Actuaries Identify Critical Issues in Senate Health Care Bill

July 5, 2017

WASHINGTON—The American Academy of Actuaries is drawing policymakers’ attention to issues raised by the U.S. Senate majority’s health care legislation, the Better Care Reconciliation Act of 2017 (BCRA), in a letter sent to Senate leadership and copied to all other members of Congress and the nation’s governors.
“With legislation of this scope affecting millions of people and highly complex markets, assuring stable and sustainable markets is no simple feat,” said Academy Senior Health Fellow Cori Uccello. “We provided a nonpartisan, actuarial examination of the BCRA component-by-component, and drew lawmakers’ attention to critical issues.”

The letter from the Academy’s Individual and Small Group Markets Committee and Medicaid Subcommittee states that for a sustainable, stable individual health insurance market, lawmakers should focus on:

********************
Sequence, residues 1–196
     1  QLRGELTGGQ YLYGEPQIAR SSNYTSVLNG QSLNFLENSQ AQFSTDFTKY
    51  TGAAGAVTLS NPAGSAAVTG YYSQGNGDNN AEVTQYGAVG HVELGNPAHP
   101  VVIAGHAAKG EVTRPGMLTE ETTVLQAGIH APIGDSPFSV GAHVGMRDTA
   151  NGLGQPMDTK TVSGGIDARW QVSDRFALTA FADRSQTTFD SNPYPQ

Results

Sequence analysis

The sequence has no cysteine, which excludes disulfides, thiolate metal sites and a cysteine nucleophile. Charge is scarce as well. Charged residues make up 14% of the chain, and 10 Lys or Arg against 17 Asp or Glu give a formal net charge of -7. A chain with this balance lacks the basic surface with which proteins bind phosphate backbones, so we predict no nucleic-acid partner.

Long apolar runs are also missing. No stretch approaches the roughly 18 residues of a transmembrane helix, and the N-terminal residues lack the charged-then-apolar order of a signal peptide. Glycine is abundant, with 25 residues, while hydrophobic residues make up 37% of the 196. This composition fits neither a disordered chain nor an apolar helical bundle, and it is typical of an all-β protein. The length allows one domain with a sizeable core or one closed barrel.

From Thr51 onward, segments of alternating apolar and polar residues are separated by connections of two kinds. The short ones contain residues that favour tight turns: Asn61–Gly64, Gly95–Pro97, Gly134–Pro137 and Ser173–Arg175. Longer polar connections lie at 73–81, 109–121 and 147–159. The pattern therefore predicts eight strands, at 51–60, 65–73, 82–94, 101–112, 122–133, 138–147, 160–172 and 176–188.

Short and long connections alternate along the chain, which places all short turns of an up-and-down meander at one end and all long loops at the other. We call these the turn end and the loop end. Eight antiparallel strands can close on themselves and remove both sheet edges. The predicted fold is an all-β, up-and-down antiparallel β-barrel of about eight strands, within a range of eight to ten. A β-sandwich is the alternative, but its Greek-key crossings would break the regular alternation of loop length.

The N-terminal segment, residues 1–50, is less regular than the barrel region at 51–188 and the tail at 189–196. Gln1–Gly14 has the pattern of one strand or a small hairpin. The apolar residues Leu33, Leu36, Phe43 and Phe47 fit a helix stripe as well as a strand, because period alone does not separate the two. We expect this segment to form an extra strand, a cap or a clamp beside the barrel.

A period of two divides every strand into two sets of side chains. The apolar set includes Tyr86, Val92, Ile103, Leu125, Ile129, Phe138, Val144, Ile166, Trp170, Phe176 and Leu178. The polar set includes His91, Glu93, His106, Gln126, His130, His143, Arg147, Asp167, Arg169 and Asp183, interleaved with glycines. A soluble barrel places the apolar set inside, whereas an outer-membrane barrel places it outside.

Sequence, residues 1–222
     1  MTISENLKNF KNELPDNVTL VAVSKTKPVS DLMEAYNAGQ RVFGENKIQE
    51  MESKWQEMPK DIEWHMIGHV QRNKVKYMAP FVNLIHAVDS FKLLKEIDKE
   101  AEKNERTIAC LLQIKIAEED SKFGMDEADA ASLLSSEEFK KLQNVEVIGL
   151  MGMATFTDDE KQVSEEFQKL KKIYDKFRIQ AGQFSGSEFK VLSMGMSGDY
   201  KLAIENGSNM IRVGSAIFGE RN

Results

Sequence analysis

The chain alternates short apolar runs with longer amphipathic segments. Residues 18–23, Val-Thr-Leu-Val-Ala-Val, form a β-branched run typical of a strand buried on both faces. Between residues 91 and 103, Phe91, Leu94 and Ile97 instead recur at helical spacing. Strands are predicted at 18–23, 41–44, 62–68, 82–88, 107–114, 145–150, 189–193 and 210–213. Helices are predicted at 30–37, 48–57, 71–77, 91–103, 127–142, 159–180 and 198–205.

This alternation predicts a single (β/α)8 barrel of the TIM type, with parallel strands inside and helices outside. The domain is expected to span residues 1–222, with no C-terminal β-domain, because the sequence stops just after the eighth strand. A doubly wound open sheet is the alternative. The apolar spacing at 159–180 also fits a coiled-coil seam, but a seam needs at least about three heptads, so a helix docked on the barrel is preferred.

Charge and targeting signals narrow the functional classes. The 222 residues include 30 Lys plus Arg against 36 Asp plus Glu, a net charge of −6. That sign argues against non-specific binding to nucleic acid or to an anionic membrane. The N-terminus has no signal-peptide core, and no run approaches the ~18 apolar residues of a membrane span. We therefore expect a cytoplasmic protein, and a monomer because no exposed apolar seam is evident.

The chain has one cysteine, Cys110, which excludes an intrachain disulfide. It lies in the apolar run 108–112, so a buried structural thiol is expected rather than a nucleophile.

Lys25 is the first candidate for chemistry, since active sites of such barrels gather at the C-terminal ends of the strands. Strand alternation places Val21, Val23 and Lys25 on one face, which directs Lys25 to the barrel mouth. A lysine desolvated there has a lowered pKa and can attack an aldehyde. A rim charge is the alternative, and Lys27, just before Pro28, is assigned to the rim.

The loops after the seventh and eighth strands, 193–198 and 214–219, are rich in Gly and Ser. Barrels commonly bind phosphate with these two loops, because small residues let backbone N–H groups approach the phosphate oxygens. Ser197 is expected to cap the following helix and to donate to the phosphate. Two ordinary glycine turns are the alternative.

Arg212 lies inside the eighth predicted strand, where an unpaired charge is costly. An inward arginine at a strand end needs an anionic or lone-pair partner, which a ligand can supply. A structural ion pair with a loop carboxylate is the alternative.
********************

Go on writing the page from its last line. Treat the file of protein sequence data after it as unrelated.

• Continued funding of the cost-sharing reduction (CSR) reimbursements.
  • Enforcement of the individual responsibility penalty (the “individual mandate”).
  • Increased external funding through increased premium subsidies or to offset costs for high-cost enrollees.
  • Avoiding legislative or regulatory actions that could increase uncertainty or threaten stability.
The BCRA’s Medicaid funding approach affects Medicaid design elements, and the letter urges lawmakers to consider the legislation’s impact on the stability and long-term viability of the program, with attention to five key areas:
  • Approaches to setting state caps.
  • Treatment of Medicaid expansion populations.
  • Growth rate methodology.
  • Program flexibility provided to states.
  • Continuing actuarial soundness requirements.
 The letter is publicly available online at


The American Academy of Actuaries is a 19,000-member professional association whose mission is to serve the public and the U.S. actuarial profession. For more than 50 years, the Academy has assisted public policymakers on all levels by providing leadership, objective expertise, and actuarial advice on risk and financial security issues. The Academy also sets qualification, practice, and professionalism standards for actuaries in the United States.